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The persistence of ethnocentrism and even outright conflict between different racial/ethnic groups attest to the historical and continuing validity of the primordial basis of ethnic identity.On the other hand, the situational perspective (also known as the "constructionist" or "instrumentalist") states that ethnic identities are socially defined phenomena.Alternatively, it can also refer to when they attain socioeconomic mobility and status (usually in the form of income, occupation, residential integration, etc.) equal to other members of mainstream American society.The process of undergoing either behavioral or structural/socioeconomic assimilation can occur in a linear or "straight-line" manner in which the passage of time and the succession of generations lead to increasing economic, cultural, political, and residential integration into American society. back in the 1800s did experience prejudice and discrimination.Rather, they identified solely based on their own national origins (Chinese, Japanese, Korean, etc.).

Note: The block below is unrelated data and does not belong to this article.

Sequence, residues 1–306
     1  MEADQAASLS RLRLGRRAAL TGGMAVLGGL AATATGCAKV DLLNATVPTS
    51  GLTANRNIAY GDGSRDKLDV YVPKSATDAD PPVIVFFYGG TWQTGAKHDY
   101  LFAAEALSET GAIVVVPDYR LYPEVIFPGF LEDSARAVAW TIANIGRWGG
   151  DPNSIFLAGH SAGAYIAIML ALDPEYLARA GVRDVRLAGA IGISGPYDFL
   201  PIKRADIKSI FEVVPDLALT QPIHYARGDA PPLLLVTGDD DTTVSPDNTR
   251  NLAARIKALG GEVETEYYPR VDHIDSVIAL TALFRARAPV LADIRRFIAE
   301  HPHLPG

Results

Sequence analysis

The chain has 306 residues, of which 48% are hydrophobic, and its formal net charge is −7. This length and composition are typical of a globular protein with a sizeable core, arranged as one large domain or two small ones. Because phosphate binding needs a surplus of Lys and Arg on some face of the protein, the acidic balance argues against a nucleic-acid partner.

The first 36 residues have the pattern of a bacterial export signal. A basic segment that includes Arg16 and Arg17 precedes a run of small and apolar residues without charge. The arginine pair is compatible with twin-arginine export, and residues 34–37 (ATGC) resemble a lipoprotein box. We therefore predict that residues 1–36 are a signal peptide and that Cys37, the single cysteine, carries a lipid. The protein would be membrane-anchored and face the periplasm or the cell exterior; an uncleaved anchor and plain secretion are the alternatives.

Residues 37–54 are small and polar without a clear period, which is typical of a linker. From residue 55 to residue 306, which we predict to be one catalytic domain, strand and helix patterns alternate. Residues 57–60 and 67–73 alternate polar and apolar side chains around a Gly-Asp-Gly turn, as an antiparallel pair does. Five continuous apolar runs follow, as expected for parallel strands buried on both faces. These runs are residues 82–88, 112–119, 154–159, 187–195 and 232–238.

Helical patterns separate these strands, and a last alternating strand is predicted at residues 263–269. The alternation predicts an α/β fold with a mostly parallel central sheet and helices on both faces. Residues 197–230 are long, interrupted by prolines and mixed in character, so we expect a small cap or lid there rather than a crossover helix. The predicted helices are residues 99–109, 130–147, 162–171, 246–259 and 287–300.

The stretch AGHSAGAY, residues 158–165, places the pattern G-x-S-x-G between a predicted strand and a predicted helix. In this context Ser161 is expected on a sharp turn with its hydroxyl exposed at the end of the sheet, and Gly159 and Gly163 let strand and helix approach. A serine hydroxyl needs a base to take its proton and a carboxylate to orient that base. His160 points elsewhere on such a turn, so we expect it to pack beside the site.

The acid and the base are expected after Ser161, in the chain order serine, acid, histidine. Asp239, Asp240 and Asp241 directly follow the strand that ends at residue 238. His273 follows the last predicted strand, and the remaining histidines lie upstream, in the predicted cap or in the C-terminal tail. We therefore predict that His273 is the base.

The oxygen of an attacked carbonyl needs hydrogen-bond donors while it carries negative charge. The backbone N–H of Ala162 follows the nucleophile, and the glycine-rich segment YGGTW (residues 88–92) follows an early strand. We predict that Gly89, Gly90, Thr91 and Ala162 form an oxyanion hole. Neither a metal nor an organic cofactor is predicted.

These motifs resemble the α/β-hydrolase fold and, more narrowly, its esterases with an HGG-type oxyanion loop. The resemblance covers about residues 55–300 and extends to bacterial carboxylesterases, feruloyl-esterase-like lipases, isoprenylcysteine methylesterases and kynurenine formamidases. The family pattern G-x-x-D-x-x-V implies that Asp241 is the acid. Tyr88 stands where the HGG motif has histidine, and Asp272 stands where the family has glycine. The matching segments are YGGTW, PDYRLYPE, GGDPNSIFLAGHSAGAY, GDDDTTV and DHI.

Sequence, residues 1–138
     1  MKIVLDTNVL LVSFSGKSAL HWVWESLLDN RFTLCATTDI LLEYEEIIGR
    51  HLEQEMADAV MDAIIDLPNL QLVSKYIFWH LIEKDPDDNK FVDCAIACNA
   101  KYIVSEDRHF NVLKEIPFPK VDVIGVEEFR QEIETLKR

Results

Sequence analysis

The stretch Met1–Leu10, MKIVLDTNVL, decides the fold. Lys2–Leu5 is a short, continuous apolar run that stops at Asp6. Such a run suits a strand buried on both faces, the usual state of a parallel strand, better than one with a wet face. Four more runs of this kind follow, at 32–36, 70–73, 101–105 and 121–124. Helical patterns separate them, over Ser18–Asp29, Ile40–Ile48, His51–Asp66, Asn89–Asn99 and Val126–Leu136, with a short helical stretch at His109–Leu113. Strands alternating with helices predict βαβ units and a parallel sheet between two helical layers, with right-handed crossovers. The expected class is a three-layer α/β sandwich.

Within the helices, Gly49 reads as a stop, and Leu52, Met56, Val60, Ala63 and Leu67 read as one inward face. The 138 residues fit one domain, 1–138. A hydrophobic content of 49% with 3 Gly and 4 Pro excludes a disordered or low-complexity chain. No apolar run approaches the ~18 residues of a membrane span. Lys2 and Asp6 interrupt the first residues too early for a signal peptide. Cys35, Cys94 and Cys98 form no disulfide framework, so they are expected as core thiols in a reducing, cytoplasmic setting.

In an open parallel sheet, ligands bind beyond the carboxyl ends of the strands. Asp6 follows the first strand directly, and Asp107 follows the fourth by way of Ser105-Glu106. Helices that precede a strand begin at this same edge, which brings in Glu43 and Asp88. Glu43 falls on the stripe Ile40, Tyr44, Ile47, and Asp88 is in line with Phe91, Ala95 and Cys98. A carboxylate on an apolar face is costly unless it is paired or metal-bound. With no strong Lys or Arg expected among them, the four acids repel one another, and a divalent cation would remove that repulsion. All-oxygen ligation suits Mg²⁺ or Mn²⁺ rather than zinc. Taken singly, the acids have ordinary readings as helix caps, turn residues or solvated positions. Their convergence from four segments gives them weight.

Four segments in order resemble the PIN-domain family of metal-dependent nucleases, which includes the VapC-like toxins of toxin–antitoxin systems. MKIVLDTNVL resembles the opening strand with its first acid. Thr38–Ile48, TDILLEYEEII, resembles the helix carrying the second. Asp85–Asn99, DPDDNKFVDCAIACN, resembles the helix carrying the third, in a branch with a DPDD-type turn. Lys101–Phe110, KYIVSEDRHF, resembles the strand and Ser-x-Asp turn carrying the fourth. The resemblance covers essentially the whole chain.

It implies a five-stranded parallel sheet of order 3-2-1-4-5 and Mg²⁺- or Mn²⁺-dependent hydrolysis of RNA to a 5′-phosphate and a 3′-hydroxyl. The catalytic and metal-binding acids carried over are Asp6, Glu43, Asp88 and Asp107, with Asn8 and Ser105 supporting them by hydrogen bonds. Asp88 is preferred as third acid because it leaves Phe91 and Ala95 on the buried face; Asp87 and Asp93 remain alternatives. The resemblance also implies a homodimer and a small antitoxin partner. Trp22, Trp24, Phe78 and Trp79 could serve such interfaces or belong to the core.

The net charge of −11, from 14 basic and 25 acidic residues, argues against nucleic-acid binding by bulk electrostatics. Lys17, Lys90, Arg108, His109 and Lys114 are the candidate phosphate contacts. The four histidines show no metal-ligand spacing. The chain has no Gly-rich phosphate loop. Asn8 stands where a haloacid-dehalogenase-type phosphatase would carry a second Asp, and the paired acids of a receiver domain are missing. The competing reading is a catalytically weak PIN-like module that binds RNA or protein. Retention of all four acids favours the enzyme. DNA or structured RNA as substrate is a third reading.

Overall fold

The final reason why some immigrants assimilate faster than others is because of class differences.Or it can happen in a non-linear, circular, or "bumpy" manner in which Asian Americans revive or retain old cultural traditions, norms, and behaviors and choose to remain somewhat isolated from mainstream American society (the "ethnic resilience" model) or alternatively, to combine elements of both traditional Asian (although they may modify old traditions and values to fit their contemporary circumstances) and mainstream American culture (sometimes referred to as "segmented assimilation"). But because they were White, they were eventually able to integrate into American society more quickly and easily than non-White immigrants and minorities. During times of economic prosperity, there are plenty of economic opportunities to go around for everyone.Other research has focused on why why certain racial/ethnic groups assimilate faster than others. But in times of economic difficulties, there is more economic competition and therefore, more hostility toward minorities and immigrants who are frequently seen as economic threats.Studies also show that the strength of a child's ethnic community strongly affects his/her identity.Those who live within a cohesive ethnic community and who regularly participate in co-ethnic organizations and activities (i.e., peer groups, churches, etc.) are more likely to identify with a national origin or hyphenated-American identity, even if the ethnic group tends to be low-income or working class.